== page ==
Investments With Negative Yield

  morddwyd 07:59 10 Jan 2012

It appears that Germany is doing a roaring trade in selling bonds with a negative yield.

Could somebody who knows a bit more about economics than I do explain this simply please?

Not being sarcastic or funny, genuine enquiry and request for knowledge, I just don't understand it.

  Toneman 09:42 10 Jan 2012

Don't we all have them, very few investments keep on top of inflation...most lose a per cent or more per year...

  bjh 09:48 10 Jan 2012

It's a reflection on the uncertainty of the Eurozone future as a whole. If you have to invest a few billion for the next year or so (and don't we all face this dilemma from time to time?), a small but certain loss seems a good bet at the moment.

Unlike inter-bank lending, this money is secure. That seems like a good option at the moment, so it's as if the lender is paying a small premium for the secure storage of funds for the period of the bond. Rent-a-safe, as it were!

As the money is secure, and recognised as such, the banks can use the capital as a security on other deals, and there they hope to make money!

  Wilham 11:00 10 Jan 2012

Like morddwyd I was surprised with 'negative equity'. Then I spotted the cost was half -0.0122% which is less than one euro in every ten thousand (six-month bond). Also it is issued by European Central Bank, linking security to the whole Eurozone, not just Greek saddled Germany.

bjh has it in a nutshell,... "Rent-a-safe"

  bjh 11:16 10 Jan 2012

By the way, I'd invest in "Greek-saddled-Germany" like a shot, if the alternative was "the Eurozone"...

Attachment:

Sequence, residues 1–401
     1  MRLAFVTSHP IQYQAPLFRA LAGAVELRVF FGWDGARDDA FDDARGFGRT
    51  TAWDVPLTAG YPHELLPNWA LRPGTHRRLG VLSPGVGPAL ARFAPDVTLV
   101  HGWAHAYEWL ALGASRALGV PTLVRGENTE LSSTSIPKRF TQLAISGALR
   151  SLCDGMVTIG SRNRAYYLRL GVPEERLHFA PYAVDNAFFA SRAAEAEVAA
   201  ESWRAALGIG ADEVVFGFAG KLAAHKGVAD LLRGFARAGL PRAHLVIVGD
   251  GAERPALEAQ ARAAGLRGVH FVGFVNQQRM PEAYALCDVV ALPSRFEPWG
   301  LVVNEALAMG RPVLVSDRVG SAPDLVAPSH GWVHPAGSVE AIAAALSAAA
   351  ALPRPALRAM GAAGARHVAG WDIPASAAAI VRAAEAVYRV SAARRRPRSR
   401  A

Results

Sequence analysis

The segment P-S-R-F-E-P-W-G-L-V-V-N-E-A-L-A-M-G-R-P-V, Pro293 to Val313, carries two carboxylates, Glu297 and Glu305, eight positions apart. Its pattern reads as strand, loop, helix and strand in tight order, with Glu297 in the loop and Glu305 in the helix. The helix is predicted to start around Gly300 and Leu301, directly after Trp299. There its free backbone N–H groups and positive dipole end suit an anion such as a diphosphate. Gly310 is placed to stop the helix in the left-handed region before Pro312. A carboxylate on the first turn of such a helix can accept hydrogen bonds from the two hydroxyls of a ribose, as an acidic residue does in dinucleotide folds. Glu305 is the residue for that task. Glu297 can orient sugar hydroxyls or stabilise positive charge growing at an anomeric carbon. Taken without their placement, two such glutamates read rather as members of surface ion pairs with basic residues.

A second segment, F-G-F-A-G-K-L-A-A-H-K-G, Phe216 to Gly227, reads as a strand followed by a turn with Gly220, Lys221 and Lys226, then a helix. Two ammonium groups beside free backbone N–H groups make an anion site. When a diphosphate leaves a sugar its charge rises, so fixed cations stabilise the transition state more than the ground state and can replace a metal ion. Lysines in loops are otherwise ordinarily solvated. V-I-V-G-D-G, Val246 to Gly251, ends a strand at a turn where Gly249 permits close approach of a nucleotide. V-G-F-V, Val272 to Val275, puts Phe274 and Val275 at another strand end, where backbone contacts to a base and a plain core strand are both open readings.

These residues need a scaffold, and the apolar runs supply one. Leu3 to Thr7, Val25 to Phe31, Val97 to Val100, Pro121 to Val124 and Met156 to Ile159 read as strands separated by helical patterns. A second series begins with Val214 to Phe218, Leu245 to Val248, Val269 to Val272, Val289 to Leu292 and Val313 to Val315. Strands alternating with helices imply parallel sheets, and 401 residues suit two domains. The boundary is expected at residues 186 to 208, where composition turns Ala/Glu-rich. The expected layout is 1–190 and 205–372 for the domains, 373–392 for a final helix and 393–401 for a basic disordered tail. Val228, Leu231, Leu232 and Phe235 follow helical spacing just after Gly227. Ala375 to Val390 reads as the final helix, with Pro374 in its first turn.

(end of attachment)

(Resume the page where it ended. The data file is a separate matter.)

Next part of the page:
Without German money, the Eurozone is a busted flush - and I speak as a confirmed Europhile.

  Aitchbee 13:28 10 Jan 2012

Most of my cash investments down at the local bookies result in a positive loss.

  Forum Editor 18:58 10 Jan 2012

"Could somebody who knows a bit more about economics than I do explain this simply please?"

Imagine yourself a Frenchman with say, 20 million Euros to invest (A nice round sum).

You look around, and see this stock falling, that bond's value sliding, and stories of doom and gloom on almost every news broadcast. Your money is in the bank, but you have heard rumours that some major banks may not be in such good shape any more. Not to put too fine a point on it, you are feeling decidedly dodgy in the confidence department; like lots of rich investors you jump a mile in the air when you hear a car backfire.

Where to tuck those Euros so they'll be safe from the storm you're sure is still to come? Along comes Germany with its six-month treasury bills. They yield a negative return, admittedly, but in six months time you'll get almost all your money back - a guarantee that's about as cast iron as they come in today's uncertain world.

The chances of the German treasury defaulting on its own bills is negligible, you can buy yourself some breathing space while you sit and watch the world go by. In six months time - or a year - things may pick up,and you can carry on getting richer by reinvesting those Euros elsewhere.

Believe it or not, that's the explanation.

  morddwyd 19:38 10 Jan 2012


I do believe it. Thanks very much, and to all who answered.

  Wilham 20:41 10 Jan 2012

FE On a technical point, and I may be wrong, I believe the six-month bonds are issued by the European Central Bank which is part of the EU administration. The official Bundersbank is part of the German Federal Government, and acts as as an agent to arrange the auctions of these ECB bonds. It means the security of the bonds is spread across the Eurozone, and there is argument that the UK also is brought in by EU rules, - disputed of course.

Shoot me down if above is in error.


  Forum Editor 23:06 10 Jan 2012


These are Federal bonds, and are issued by the German government. They have been issued every three months since 1997, and have a six month maturity. That means that at all times there are two issues outstanding.

The Bundesbank is, as you say, part of the German Federal government.

  wee eddie 01:35 11 Jan 2012

Nice thing about Negative Interest is that you can charge it against Taxable Income

This thread is now locked and can not be replied to.

Elsewhere on IDG sites

Alienware 17 R4 2017 review

These brilliant Lego posters show just what children's imaginations are capable of

Mac power user tips and hidden tricks

Comment réinitialiser votre PC, ordinateur portable ou tablette Windows ?